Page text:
So much has happened in the past. We’ve messed up. We’ve been hurt. We’ve missed opportunities and we’ve embarrassed ourselves.
So much can happen in the future, as well. Not only can all those same mistakes happen again, but we also have to contend with the uncertainty of the weather, the economy, family obligations, and politics—all of which loom in front.
It’s amazing that anyone can get anything done with all that occupying their mind. Indeed, that’s sort of the point the Stoics were trying to make. They knew that a person busy kicking themselves over what has happened in the past, or biting their nails over what might happen in the future, is a person who is not busy with life. It’s a person who is not able to be philosophical, productive, or present.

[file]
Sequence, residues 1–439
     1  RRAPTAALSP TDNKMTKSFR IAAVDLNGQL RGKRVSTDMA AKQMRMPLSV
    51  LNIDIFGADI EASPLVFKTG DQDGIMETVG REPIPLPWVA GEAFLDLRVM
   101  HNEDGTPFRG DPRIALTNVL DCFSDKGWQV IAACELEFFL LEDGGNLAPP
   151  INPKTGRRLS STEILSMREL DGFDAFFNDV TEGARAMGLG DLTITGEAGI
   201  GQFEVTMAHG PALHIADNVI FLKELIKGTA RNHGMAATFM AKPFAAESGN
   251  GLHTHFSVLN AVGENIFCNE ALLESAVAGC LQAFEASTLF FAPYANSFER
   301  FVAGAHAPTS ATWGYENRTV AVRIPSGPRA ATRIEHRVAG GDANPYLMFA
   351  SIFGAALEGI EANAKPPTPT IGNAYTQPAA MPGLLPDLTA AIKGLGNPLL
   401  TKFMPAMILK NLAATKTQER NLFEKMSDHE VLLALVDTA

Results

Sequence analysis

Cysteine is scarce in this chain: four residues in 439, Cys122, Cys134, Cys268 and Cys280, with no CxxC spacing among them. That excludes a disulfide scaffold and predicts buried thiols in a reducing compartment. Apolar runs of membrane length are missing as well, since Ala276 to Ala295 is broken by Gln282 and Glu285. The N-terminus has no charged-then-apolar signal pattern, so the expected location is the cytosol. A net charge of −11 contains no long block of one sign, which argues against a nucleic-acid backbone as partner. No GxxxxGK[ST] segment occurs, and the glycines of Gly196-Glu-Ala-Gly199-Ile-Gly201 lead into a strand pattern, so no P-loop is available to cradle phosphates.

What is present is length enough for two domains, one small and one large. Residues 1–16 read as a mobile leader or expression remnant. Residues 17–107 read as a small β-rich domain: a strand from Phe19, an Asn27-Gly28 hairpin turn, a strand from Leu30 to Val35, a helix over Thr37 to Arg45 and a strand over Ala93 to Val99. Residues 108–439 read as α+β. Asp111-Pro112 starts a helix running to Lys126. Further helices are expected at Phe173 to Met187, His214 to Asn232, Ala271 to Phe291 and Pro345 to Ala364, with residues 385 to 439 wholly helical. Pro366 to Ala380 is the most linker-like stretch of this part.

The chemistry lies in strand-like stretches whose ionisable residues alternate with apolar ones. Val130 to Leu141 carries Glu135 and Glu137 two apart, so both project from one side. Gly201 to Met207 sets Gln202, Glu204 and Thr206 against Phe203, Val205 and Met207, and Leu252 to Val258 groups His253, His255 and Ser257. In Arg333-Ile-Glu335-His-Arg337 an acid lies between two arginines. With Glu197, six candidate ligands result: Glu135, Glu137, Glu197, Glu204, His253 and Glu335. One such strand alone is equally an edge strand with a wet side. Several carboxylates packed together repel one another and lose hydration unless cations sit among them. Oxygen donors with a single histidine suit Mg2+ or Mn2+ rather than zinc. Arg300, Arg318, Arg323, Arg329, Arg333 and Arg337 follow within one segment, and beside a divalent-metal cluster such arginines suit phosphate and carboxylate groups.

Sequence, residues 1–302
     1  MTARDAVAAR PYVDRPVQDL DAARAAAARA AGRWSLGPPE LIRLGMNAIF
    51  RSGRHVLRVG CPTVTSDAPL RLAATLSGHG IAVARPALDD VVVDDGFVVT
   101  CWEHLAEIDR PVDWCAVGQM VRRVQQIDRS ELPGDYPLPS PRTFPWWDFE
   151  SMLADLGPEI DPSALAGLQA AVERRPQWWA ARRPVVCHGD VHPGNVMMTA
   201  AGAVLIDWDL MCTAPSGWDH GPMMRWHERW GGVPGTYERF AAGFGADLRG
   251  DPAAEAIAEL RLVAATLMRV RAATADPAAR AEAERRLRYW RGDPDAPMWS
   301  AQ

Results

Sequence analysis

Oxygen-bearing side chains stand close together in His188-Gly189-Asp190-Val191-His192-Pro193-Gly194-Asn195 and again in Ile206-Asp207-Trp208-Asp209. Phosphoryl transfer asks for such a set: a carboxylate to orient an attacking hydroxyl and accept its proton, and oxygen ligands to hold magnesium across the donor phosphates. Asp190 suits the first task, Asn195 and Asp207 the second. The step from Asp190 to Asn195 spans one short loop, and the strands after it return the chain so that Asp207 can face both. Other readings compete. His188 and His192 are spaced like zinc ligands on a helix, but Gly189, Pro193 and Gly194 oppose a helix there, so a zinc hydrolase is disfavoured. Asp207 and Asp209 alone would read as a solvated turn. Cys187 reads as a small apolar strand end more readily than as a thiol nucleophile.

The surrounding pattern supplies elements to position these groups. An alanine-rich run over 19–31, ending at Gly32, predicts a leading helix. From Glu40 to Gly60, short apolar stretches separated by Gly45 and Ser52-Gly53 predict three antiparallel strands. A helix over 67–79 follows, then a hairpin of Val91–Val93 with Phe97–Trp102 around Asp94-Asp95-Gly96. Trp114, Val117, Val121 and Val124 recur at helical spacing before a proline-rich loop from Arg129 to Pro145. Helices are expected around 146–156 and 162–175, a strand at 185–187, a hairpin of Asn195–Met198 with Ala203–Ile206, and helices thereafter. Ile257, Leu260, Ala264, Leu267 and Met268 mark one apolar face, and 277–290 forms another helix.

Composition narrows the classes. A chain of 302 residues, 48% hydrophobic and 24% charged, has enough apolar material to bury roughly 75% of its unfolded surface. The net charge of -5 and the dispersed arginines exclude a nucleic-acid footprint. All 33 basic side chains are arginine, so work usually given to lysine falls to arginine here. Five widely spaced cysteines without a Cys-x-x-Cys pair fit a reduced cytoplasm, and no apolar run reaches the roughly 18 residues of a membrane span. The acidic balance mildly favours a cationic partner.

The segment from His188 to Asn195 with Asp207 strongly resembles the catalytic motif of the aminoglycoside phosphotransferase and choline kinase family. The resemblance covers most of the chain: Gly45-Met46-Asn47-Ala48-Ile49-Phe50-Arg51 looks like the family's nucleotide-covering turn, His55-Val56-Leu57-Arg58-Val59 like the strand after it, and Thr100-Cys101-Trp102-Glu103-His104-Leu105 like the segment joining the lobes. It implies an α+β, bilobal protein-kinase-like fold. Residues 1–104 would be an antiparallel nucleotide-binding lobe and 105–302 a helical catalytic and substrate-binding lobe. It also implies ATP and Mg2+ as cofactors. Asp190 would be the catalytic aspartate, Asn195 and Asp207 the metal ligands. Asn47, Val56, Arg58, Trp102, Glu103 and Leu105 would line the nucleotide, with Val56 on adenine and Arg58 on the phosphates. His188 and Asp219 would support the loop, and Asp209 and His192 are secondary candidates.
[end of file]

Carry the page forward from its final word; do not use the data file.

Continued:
As Marcus Aurelius wrote to himself—and by extension, to us:
“Remind yourself that past and future have no power over you. Only the present—and even that can be minimized. Just mark off its limits. And if your mind tries to claim that it can’t hold out against that…well, then, heap shame upon it.”
We have to limit our focus. And the key is to focus on what is immediately in front of you. Don’t be paralyzed by the past or intimidated by the future. Don’t be distracted by them either. Even the troubles on your plate can be minimized if you break them into smaller pieces—don’t worry about the big, busy “day” you have to get through, just get through the morning. Just get through the first item on your to-do list.
And if your mind wanders, if you start to get distracted, say to yourself, “C’mon. I’m better than this. I’m just going to focus on what’s in front of me. That’s plenty.” That’s what Marcus meant by heaping shame, after all.
So get out there and get after it!